Beginning a Meditation Practice
At the turn of the year, many of us decide to incorporate a new practice into our lives. We decided
that this year will be the year that we are healthier, stronger, more organised, less stressed. But
often by the time February rolls around we’ve slid back into old patterns and what we’re left with is
a feeling of regret and annoyance that we weren’t able to keep our resolutions. Whether you set
New Year goals or not, the beginning of the year is as good a time as any to begin something new.
This year, why not invite a meditation practice into your routine?
For many, the idea of starting a meditation practice is daunting. The word ‘meditation’ often
conjures up images of ash-covered sadhus sat in caves, perfectly still monks clad in orange robes or
the endless recitation of long, complex mantras. Fortunately for us, there are many other, simpler
ways to introduce meditation into your life.
The benefits of meditation are vast – a reduction of stress and anxiety, improved concentration, lower blood pressure, greater self-awareness and even increased compassion and kindness. If (like me) you operate from a position of scepticism then you may also be interested to know that Harvard Medical School has produced a significant amount of research proving the effect of mindfulness and meditation, even alluding to the possibility that different techniques do in fact produce different chemical and neurobiological results. (For more on this, check out this article)
So we understand why meditation is useful, but how to begin practising it? Often the mistake
beginner’s make is that they try to ‘empty’ their mind of thoughts, and many people believe that if their mind is not quiet then they aren’t meditating. This isn’t true! Meditation is the act of
concentration and observation rather than trying to rid your mind of thoughts, and like anything else this will take a certain amount of practice. We don’t expect to perform certain asanas at first attempt, nor do we believe we can instantly play a new instrument or speak a new language. These things take time, practice, and a certain amount of dedication. Meditation is no different. By beginning small and simple, you will rapidly begin to reap the rewards of your practice, and over time meditation becomes far more accessible.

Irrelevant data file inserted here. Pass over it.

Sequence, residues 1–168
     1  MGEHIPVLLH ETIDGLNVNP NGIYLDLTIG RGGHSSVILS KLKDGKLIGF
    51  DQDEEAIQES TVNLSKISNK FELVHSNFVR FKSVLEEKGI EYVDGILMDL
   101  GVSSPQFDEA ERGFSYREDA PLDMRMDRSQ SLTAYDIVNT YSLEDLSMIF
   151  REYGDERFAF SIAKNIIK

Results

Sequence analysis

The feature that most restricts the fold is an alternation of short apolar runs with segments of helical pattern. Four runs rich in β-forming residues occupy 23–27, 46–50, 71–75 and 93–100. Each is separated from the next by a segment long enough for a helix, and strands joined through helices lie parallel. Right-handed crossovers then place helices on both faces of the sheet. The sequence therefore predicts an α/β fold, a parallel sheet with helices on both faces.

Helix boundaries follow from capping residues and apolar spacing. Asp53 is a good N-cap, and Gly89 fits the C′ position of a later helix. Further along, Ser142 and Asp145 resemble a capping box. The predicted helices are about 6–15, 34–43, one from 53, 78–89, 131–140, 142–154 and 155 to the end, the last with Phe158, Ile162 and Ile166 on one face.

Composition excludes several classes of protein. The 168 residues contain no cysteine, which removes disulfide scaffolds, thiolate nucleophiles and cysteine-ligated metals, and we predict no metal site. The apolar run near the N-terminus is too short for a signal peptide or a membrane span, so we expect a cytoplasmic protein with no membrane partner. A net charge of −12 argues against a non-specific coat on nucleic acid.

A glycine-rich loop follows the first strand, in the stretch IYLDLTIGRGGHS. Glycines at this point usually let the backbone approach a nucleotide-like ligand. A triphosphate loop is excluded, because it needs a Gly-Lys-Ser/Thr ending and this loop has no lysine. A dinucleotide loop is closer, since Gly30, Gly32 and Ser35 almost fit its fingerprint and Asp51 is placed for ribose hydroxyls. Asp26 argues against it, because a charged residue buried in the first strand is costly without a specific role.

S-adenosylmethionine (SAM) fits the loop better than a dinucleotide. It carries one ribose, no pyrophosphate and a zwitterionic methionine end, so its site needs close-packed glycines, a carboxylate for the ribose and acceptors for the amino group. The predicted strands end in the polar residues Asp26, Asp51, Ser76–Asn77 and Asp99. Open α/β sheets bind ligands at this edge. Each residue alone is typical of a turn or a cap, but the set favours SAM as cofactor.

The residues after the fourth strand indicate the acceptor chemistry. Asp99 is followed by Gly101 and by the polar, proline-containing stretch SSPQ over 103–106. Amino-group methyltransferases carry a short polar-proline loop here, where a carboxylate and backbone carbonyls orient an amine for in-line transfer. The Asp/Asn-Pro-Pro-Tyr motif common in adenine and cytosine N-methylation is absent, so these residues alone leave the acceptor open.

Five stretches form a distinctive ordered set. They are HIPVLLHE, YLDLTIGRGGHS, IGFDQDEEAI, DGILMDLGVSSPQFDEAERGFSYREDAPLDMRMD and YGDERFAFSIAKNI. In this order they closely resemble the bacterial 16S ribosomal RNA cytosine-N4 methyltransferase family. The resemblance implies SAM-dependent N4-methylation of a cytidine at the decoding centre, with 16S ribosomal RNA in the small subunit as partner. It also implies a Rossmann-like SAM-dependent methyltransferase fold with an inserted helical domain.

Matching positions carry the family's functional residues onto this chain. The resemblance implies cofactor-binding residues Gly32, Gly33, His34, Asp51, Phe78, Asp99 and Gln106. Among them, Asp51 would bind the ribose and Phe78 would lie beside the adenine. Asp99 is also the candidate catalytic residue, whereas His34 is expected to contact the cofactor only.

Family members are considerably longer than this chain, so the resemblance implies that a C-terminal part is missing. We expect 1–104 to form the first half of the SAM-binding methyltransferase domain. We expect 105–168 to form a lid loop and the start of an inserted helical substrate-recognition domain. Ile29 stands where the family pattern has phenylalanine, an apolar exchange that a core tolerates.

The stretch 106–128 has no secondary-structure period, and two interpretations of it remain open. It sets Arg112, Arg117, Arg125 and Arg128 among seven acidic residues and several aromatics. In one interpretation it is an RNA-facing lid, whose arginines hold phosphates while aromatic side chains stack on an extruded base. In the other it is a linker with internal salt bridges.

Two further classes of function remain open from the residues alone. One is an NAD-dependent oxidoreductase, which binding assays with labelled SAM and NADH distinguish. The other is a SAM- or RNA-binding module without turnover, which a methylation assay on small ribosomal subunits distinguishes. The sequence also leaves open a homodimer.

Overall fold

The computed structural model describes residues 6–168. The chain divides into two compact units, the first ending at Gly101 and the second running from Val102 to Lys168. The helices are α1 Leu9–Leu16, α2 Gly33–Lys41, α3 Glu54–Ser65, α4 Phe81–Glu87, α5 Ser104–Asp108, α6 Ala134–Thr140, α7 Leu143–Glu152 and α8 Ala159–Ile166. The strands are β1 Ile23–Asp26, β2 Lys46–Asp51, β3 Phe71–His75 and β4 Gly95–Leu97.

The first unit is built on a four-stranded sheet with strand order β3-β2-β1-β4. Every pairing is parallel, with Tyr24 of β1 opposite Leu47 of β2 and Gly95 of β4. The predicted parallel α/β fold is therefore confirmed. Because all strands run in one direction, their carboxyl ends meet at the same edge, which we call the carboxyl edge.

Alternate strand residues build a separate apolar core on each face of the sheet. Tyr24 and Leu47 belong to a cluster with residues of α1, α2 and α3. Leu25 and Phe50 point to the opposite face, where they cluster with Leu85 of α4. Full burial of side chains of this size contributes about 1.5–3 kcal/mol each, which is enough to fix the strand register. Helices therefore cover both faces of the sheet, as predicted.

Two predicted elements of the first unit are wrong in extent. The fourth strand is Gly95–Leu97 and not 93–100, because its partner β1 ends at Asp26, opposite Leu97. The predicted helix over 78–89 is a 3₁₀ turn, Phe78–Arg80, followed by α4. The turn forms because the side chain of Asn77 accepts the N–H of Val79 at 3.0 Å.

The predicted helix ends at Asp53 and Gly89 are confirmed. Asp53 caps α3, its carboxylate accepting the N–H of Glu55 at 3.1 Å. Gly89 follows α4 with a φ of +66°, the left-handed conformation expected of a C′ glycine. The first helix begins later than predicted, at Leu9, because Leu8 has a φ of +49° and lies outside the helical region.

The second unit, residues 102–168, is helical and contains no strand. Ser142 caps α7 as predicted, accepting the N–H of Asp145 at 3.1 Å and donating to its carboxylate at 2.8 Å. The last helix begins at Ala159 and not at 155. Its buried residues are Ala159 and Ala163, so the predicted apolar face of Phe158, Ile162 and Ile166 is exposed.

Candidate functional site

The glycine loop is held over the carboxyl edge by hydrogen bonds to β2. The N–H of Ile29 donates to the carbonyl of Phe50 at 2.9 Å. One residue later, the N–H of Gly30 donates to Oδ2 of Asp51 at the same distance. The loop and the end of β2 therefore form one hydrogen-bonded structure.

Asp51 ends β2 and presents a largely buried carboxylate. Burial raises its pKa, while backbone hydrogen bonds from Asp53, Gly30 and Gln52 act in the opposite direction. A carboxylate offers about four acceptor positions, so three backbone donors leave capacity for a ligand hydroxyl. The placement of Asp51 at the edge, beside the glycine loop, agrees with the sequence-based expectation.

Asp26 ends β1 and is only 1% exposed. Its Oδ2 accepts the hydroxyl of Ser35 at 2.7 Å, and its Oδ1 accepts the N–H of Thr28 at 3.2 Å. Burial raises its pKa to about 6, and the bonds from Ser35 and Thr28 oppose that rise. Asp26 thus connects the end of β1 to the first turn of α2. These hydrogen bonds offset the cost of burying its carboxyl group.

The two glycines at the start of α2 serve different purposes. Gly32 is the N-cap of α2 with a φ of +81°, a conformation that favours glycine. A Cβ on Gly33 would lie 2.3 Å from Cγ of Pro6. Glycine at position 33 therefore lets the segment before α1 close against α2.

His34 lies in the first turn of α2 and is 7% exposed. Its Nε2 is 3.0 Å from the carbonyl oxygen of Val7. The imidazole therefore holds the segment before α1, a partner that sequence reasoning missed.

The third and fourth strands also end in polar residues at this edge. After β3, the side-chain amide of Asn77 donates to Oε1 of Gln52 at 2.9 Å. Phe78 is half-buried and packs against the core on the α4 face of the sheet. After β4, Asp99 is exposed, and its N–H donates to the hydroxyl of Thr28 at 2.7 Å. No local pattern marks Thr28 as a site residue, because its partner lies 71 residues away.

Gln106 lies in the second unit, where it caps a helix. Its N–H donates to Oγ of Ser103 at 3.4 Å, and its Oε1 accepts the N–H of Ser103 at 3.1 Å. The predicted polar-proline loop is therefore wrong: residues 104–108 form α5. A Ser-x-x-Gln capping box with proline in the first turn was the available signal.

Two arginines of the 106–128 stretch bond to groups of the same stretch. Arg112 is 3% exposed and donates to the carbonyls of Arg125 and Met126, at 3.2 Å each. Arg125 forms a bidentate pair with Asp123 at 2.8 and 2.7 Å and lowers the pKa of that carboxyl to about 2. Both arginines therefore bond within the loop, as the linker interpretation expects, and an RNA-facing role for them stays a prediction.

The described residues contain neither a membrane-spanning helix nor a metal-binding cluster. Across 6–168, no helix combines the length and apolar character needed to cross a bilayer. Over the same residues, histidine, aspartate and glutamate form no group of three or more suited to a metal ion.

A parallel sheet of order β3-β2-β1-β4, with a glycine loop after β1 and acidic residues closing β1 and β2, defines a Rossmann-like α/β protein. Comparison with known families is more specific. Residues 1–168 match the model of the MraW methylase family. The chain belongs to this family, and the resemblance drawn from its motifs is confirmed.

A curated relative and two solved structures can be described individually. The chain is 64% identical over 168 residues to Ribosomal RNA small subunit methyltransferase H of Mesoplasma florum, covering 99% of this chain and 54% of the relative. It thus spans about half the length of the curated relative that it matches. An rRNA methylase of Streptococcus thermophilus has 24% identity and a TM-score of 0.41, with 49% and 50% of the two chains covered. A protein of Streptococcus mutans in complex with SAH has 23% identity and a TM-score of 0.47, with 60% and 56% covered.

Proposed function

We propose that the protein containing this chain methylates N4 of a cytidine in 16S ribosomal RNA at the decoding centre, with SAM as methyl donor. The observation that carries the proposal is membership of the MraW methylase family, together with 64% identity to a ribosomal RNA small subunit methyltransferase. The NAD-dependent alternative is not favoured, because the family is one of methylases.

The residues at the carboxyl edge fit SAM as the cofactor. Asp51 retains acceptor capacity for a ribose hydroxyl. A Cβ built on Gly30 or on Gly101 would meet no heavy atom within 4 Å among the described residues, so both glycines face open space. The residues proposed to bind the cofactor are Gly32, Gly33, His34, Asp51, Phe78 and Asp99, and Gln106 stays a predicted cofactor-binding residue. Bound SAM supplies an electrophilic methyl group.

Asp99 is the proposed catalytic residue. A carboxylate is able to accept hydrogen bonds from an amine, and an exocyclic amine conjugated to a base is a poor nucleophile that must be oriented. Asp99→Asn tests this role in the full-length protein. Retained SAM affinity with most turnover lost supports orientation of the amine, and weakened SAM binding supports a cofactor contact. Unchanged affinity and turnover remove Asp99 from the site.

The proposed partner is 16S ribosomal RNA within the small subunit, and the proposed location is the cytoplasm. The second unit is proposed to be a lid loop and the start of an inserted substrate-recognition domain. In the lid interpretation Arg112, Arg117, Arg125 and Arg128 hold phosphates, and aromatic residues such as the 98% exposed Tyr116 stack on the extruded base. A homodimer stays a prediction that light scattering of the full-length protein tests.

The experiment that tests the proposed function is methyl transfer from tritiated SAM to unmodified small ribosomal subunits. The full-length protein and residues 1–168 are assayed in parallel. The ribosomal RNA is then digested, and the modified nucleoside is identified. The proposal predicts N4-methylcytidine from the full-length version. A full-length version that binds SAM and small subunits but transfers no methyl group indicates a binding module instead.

Here I’ve outlined 5 basic techniques to get you started and remember, you don’t need to sit for hours at a time. Consistency is far more important than duration, particularly when you are just starting out, so try instead to dedicate 5-10 minutes a day, 4-5 times a week. When you’re ready, you can gradually increase duration and frequency. Set yourself up somewhere quiet with minimal distractions (yes, that means turning your phone off!) and sit comfortably. If sitting on the floor isn’t
inviting, try propping yourself up with cushions, sitting on a chair or even lying down. Your comfort is paramount! Begin with any of the following techniques and try them all until you find one that resonates with you. Good luck and happy meditating!
Follow your inhale and exhale into and out of the body. Notice where you feel the breath move to, the rise and fall of the chest and belly and the sensation around the nostrils. Maybe see if you can focus on the sound or temperature of the breath. If it helps, you can also try counting the breaths up to 10, and then back down to 1. If you lose count, go back to the beginning and train your focus.
Bring your awareness from your toes all the way up to the crown of your head, and back down. Try to move your concentration slowly between body parts, observing any sensations at each point. Consciously relax or soften any noticeable areas of tension.
LOVING KINDNESS (METTA BHAVANA)
Metta Bhavana translates roughly as ‘cultivation of love’. In this Buddhist meditation technique, we try to foster feelings of love, compassion and kindness to all beings. Begin by cultivating these feelings for yourself, and then imagine sending love to a close friend, to a person you find difficult and finally a person you are neutral towards. Generate equal feelings for all four people and imagine extending your love towards them.
Japa is recitation. You can choose a simple mantra (in Sanskrit, English, or your own language), and verbally or mentally recite it. A good mantra to start with is ‘OM’, the sound of the divine.
THIRD EYE MEDITATION
Bring your awareness to your third eye, the space between the eyebrows (also known as Ajna Chakra or the seat of intuition). Keep drawing your focus back to that one space, and observe any colours, patterns or images that arise.
If you’re interested in learning more about this ancient practice, why not join me at Shree Hari Yoga for unique yoga teacher training opportunities geared specifically towards meditation? We are currently offering a variety of 100-hour courses, alongside the traditional 200 and 300-hour YTTC courses. Discover our website for more information on Meditation TTC.
Blog writer: Polly Butler / firstname.lastname@example.org